staffers will go to the ends of the Earth and back in the
name of science. Take, for example, Nancy Chabot, Ben
Bussey, Cari Corrigan and Andrew Dombard, all of whom have
spent time in Antarctica collecting meteorites as part of
the Antarctic Search for Meteorites program, known as
ANSMET, which is funded by the National Science
Foundation's Office of Polar Programs and NASA, aims to
find and characterize meteorite samples in Antarctica and
make those samples available to researchers worldwide.
Since its inception in 1976, ANSMET has provided the
scientific community with more than 15,000 meteorite
specimens. These samples are a unique way to study outer
space without actually leaving the planet, and they can
offer important clues about the formation of the solar
system and the compositions and histories of asteroids and
other planetary bodies.
Antarctica is uncommonly fertile ground for meteorite
hunting; about 85 percent of all meteorites recovered
worldwide are found there. In some areas, the Antarctic ice
sheet, nearly two miles thick, effectively buries the
continent and allows little to no accumulation of
indigenous sediment, which means that any rocks found on
the surface are likely extraterrestrial. They are easy to
spot because they contrast starkly with the homogeneously
Antarctica's ice flow acts as a natural concentration
mechanism. As the ice sheet creeps across the continent, it
occasionally bumps into mountain ranges and other
obstructions beneath the ice. When strong winds strike such
areas, they remove large accumulations of snow and ice,
exposing clusters of meteorites on the surface.
Individual ANSMET missions last eight weeks —
six spent looking for meteorites, with a week at either end
for preparation and cleanup.
The journey to Antarctica begins in New Zealand, where
travelers assemble their gear, and the flight out of this
subtropical paradise can be as treacherous as Antarctica
itself, attests Dombard, a scientist in the Space
Department's Planetary Exploration Group.
"We were packed in like sardines for seven hours, and
it was very noisy," he said. "It's especially uncomfortable
if the weather is bad. When I went, it took us four tries
to get down there, with Antarctic weather canceling the
flight or forcing the plane to turn back to New Zealand
after making it halfway."
The sojourn in Antarctica has its own hazards. That's
why researchers participate in a two-day survival school,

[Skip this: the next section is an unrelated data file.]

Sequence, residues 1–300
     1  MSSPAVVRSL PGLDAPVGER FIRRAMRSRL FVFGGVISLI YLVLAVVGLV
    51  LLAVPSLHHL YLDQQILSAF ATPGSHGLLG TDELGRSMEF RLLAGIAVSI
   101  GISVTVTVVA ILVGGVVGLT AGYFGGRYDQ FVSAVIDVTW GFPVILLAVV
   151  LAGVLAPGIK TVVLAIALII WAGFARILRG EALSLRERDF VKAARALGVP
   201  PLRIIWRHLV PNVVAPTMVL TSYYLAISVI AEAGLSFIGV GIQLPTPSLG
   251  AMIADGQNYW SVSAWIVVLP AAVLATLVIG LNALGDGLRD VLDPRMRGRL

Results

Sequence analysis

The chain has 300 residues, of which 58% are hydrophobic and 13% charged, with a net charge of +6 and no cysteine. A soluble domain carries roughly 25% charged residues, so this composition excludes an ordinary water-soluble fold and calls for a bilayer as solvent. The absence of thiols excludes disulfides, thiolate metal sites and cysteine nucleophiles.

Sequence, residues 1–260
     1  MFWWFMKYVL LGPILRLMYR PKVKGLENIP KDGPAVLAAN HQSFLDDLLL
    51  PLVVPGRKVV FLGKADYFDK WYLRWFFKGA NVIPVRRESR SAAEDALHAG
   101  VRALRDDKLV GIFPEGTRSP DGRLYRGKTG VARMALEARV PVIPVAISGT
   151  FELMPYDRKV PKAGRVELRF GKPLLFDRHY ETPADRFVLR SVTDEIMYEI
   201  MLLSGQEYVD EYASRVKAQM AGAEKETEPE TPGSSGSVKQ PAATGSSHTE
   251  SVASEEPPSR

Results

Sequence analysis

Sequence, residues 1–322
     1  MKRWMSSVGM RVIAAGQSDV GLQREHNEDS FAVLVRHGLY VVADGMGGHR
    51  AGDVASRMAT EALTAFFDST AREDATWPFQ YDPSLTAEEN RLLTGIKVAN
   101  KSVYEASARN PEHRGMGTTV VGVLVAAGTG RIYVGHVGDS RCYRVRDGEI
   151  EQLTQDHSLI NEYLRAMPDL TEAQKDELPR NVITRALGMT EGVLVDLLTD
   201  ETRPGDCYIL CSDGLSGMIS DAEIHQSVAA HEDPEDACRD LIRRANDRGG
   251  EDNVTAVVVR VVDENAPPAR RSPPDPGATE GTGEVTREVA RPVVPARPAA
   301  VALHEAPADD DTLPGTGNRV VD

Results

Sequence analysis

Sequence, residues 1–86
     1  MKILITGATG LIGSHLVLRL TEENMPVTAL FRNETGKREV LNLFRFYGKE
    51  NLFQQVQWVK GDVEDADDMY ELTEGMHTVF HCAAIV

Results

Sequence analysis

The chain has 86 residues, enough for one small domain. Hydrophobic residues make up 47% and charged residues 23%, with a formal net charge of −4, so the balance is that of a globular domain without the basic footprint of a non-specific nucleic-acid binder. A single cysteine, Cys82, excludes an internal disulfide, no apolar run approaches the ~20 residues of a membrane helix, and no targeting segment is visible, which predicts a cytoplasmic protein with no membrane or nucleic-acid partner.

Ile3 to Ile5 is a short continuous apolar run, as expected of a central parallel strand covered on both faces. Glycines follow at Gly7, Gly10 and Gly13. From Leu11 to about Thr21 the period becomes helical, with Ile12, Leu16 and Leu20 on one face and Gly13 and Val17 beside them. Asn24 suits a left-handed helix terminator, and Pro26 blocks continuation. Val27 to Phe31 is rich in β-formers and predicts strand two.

learning how to cope with the inhospitable climate and how
to execute a rescue if something goes wrong.
Chabot, also a scientist in the Planetary Exploration
Group, has visited Antarctica five times.
"We would wake up, eat breakfast in the tent, dress
warm and get prepared for the day, with plenty of sunscreen
— the sun is up 24 hours a day in the summer season,"
she said about the start of a typical day. Then each member
of the team would get on a snowmobile and travel to the ice
field to search for meteorites. This usually involved
driving up and down in systematic grids to cover the ice
area, stopping whenever they found a meteorite.
"Some days were slow," Chabot said, "and we'd find
less than 10 meteorites. But other days, we collected more
than 100 in one day."
Lunch usually consisted of beef sticks and beef jerky
and lots of chocolate. The team would get back to camp
before 6 p.m., fuel the snowmobiles, catalog and record the
meteorites of the day, melt ice for water, cook dinner and
read a book or play a game before trying to get a good
night's sleep. "Being out in the cold constantly takes a
lot out of you, and you need lots of sleep," Chabot said.
Temperatures were generally 14 to minus-4 degrees
Fahrenheit, without wind chill considerations.
Even with the inherent hazards and obstacles, the
scientists say the trip is worth the risks. "It's such a
unique opportunity," Chabot said. "You deal with being
cold, being dirty and other hardships. But when you go
outside and look around, it's so beautiful, it just puts
everything else into perspective."
This article first appeared in The APL News. Its
writer, Haley Brown, served as an intern in APL's Office of
Communications and Public Affairs.